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Former President Donald J. Trump first ever to face federal charges in 7 count indictment; the Supreme Court strikes down Alabama's Congressional Maps; Canadian wildfires affect the health of humans and wildlife.

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Charting a Path for Energy Efficiency in MN Commercial Buildings

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Wednesday, February 23, 2022   

Minnesota is in the process of adopting the latest standard for energy efficiency in commercial buildings.

There are calls for a specific approach supporters say can make structures healthier for their occupants, and reduce the energy burden in taller, multi-family housing. The state Department of Labor and Industry has said it expects a new standard later this year. In the meantime, Margaret Cherne-Hendrick, lead director of energy transition for the group Fresh Energy, urged policymakers, developers and contractors to ensure Minnesota doesn't fall behind in this area.

"We've made progress in drawing down emissions from the power sector and the transportation sector of the economy," she said, "but we really see an increase in emissions across the building sector."

Roughly 40% of U.S. energy use is in commercial and residential buildings. New standards can include improved ventilation and better-performing appliances. Aside from reducing emissions, backers have said it makes the indoor air cleaner and addresses rising energy costs. A legislative plan outlines the approach pushed by advocates, although there's some construction-industry pushback from those who oppose aggressive code updates.

As new rules are crafted, the department hopes to see a plan this legislative session to ensure each new edition of Minnesota's commercial energy code is at least 8% more efficient than the last one. Elizabeth Glidden, deputy executive director of the Minnesota Housing Partnership, said her group's research shows some developers are already moving in this direction, but new statewide requirements still are necessary.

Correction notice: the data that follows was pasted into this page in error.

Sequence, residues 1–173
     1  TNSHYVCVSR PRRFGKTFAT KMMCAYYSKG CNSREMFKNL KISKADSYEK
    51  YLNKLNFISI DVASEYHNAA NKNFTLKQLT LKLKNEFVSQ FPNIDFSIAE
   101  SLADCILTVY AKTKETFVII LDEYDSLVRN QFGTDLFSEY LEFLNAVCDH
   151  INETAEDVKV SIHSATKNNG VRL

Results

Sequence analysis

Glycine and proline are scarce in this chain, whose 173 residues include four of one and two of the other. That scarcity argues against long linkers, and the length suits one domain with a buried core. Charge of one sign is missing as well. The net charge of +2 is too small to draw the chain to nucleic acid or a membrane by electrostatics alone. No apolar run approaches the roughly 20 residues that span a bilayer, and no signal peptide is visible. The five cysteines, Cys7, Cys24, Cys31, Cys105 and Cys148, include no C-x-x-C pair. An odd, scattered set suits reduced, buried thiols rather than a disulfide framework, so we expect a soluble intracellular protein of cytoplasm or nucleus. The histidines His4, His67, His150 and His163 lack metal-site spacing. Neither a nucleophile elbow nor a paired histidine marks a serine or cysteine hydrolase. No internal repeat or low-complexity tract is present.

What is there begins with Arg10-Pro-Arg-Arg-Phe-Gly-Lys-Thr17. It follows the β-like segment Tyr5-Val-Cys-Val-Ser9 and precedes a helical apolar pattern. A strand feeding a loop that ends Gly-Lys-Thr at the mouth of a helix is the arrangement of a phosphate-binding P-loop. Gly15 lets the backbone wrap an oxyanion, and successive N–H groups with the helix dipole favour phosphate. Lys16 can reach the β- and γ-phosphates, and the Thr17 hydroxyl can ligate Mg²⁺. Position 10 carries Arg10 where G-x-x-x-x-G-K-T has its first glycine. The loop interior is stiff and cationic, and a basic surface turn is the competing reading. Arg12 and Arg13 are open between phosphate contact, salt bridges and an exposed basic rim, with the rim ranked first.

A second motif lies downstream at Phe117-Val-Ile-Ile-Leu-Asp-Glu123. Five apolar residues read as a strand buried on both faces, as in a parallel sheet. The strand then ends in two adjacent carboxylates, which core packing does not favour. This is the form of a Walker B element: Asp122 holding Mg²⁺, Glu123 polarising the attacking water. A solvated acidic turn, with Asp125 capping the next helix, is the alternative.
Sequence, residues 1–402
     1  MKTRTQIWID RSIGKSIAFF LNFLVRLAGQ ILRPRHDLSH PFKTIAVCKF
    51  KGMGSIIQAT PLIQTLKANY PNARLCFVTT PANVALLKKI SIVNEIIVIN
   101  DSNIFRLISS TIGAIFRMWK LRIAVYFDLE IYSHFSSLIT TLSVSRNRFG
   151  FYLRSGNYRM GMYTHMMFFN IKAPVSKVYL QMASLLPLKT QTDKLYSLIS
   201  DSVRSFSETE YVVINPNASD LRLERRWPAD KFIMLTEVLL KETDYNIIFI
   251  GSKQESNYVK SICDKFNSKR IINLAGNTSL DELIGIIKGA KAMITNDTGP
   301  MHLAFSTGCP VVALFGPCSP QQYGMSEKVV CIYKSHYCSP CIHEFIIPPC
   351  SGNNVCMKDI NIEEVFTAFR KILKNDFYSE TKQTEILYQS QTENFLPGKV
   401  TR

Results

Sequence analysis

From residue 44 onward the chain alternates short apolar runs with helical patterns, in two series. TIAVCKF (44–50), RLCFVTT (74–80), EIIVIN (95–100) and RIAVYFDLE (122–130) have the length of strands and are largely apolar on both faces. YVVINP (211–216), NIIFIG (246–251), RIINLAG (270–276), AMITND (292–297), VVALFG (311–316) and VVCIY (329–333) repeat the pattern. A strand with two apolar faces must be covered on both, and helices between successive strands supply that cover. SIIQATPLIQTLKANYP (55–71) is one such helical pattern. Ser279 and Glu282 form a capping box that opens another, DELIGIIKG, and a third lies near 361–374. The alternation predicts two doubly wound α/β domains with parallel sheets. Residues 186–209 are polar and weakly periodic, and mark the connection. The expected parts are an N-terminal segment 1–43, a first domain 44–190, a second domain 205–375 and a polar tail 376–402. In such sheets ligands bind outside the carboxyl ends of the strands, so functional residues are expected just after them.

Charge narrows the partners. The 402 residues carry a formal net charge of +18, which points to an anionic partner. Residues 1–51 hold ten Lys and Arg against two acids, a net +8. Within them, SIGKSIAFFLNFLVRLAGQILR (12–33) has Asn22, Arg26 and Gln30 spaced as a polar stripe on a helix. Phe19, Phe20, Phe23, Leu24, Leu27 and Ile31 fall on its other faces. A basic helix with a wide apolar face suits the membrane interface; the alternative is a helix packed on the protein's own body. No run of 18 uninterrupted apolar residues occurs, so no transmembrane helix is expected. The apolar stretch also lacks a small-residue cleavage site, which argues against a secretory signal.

"But what happens then is that we have an unevenness - where a market might be moving somewhere, but we're not really bringing everyone along," she said, "and this would be a way that we would be able to do that."

Glidden said this especially is important because people of color disproportionately live in areas zoned for multifamily housing. Higher energy bills and overall housing costs can limit a family's ability to thrive, she said, "and the more that you're spending on your housing, the less that you are able to spend on other necessities of life."

Disclosure: Fresh Energy contributes to our fund for reporting on Climate Change/Air Quality, Energy Policy, Environment, Environmental Justice. If you would like to help support news in the public interest, click here.


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